If Beale Street Could Talk, It Would Praise Black Women

Photo: Annapurna Pictures/Kobal/REX/Shutterstock.
I’m still not over the intensely tender experience that is watching Barry Jenkins’ If Beale Street Could Talk. In her review of the film, my colleague Anne Cohen warns fans, “Nothing can prepare you the wave of soft feelings that are about to drown in for the next two hours.” Truer words have never been spoken about Jenkins’ 2018 adaptation of James Baldwin’s 1974 novel.
The story of Tish Rivers (newcomer Kiki Layne) and Fonny Hunt (Stephan James) will reignite your belief in love. The wrongful rape charge against him that separates them before they can welcome their first child will make you feel foolish for believing in justice, American or otherwise. A centerpiece of the film is the fight for Fonny’s freedom, and it's an unflinching critique of the systemic racism embedded in the criminal justice system, and how it has historically impacted Black men the most. But if Beale Street could talk, it would undoubtedly say "thank you" to Black women for providing the magic that makes it such a profound masterpiece.
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Very early on in the film, it was evident that Beale Street is a deep dive into the experience of Black girlhood. There were moments that felt like I was watching a retelling of my own life thanks to some cosmic, emotional memory that is intrinsically linked to my identity. Witnessing the fear and anxiety drowning Tish as she prepared to reveal her pregnancy to her family was the first instance. The stigma around Black girls and unplanned pregnancy is so strong that I grew up believing that being with child was the absolute worst thing that could happen to me. It would be a permanent stain on my character, a giveaway to the rest of the world that I was irresponsible, a failure. So until I was about 22-years-old, I experienced irrational, extreme dread every time my period was late (or early); whenever I gave a urine sample at a doctor’s office; or if I had the slightest upset stomach. But Tish's parents, Sharon (Regina King) and Joseph (Colman Domingo), meet her announcement with nothing but love, support, and encouragement. Her sister Ernestine (Teyonna Rivers) even demands that she “unbow [her] head” rather than hang it in shame. But it’s hard for Black girls to anticipate such a warm embrace when carrying an unexpected new life thanks to prevalent narratives that suggest we be rejected because of it.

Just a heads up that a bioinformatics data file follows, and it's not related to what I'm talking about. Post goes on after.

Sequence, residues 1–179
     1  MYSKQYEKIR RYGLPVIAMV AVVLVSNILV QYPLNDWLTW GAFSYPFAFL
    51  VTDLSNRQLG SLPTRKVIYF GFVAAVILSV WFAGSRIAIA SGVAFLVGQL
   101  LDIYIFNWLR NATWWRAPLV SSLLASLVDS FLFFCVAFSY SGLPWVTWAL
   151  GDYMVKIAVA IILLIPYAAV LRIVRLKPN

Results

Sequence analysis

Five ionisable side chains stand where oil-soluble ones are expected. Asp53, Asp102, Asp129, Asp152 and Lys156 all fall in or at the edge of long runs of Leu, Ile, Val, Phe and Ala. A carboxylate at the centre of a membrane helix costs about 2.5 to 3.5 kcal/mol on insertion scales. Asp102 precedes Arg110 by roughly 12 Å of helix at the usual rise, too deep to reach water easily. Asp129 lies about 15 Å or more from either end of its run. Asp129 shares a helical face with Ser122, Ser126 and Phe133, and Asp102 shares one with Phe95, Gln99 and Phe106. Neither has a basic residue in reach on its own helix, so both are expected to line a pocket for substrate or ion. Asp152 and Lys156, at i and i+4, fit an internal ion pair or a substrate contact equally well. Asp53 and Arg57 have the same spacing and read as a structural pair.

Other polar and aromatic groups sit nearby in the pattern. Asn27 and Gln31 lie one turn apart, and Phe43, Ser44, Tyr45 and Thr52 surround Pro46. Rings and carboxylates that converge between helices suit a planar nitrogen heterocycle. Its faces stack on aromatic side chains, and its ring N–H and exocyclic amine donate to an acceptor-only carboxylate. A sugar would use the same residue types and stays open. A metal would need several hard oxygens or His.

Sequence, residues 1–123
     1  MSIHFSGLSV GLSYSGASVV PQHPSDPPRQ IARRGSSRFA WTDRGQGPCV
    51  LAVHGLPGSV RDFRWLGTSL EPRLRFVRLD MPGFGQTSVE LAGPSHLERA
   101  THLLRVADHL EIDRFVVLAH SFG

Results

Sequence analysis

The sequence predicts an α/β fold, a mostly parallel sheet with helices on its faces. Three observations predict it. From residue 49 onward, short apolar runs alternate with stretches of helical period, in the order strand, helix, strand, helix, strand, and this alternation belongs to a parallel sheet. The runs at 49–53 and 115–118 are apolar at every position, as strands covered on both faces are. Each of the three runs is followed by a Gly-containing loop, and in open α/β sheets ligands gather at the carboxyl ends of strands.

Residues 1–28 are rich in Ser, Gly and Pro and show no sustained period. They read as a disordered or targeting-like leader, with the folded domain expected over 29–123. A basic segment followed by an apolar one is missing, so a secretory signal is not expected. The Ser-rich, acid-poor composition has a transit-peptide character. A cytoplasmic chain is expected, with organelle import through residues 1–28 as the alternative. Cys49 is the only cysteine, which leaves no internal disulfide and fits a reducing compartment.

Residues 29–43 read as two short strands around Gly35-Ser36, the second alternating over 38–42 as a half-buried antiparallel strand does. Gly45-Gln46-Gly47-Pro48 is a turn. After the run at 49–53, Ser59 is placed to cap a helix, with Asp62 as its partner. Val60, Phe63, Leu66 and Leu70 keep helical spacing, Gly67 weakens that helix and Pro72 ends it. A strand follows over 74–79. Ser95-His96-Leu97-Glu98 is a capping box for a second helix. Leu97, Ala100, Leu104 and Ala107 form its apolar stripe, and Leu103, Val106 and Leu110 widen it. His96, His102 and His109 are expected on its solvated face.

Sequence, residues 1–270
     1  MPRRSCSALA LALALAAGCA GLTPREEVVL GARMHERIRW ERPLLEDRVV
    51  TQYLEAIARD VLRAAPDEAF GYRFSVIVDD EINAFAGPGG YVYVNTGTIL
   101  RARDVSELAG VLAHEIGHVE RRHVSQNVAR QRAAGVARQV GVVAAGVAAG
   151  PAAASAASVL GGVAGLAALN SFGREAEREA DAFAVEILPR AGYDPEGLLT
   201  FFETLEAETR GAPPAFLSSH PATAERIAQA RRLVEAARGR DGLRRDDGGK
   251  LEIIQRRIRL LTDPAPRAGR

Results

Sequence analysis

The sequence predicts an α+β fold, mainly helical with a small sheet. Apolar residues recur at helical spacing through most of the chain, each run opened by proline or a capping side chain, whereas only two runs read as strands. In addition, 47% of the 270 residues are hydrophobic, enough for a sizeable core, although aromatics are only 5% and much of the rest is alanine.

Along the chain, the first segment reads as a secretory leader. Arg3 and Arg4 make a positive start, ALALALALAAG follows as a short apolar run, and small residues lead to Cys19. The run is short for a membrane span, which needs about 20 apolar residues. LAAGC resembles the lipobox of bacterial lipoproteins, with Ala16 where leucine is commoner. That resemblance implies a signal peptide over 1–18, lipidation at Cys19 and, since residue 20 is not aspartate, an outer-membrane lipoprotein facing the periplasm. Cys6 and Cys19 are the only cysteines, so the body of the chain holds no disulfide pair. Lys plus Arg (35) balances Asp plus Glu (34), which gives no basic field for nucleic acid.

This repudiation actualizes itself in a separate scene where Tish must tell Fonny’s family about their child. His mother (Aunjanue Ellis) and sisters react with such hostility at the very thought of premarital sex that the confrontation becomes both painful and hilarious to watch. That even the slightest breach of social decorum from a Black girl seems to upset the entire natural order of things is a burden we’ve been taught to carry from a young age.
If Beale Street Could Talk is littered with those small moments, some of them sore spots, that collectively shape what it means to be a Black girl. Sometimes it’s a fierce overprotectiveness of your baby sister, similar to Earnestine’s. Other times it’s knowing that if you’re working at a perfume counter as a Black woman, like Tish did, a white man will take your hand and hold it up to his nose “for a lifetime.” Perhaps it’s following the lead of the Hunt women and clinging to religion and respectability in the face of unhappiness and despair, for better or for worse. Or it could be harboring such a devotion to your children that you’re willing to fly out out of the country and do unofficial detective work if it means reuniting your child with the love of her life. That’s what Sharon did.
In 2018, you shouldn’t need Beale Street to tell you that Black women hold shit down. They show up on the front lines to support themselves, their families, their communities, and Blackness itself over and over again. King’s amazing performance brings that dedication to life in this film. To once again quote Cohen, “Despite its male director, and source material author, Beale Street feels like a distinctly feminine film, concerned as it is with properly mapping out the experiences of its women.” Through the process of truly seeing its female characters, the men come to life. Viewers get to intimately know Fonny through the eyes of his female lover. We know that Joseph is a standup guy because of how he treats his wife and daughters. It’s possible to love each other through our own trepidations and concerns, because the Black women in this film modeled it so perfectly. If Could Street Could Talk — and it can — it would sing our praises.
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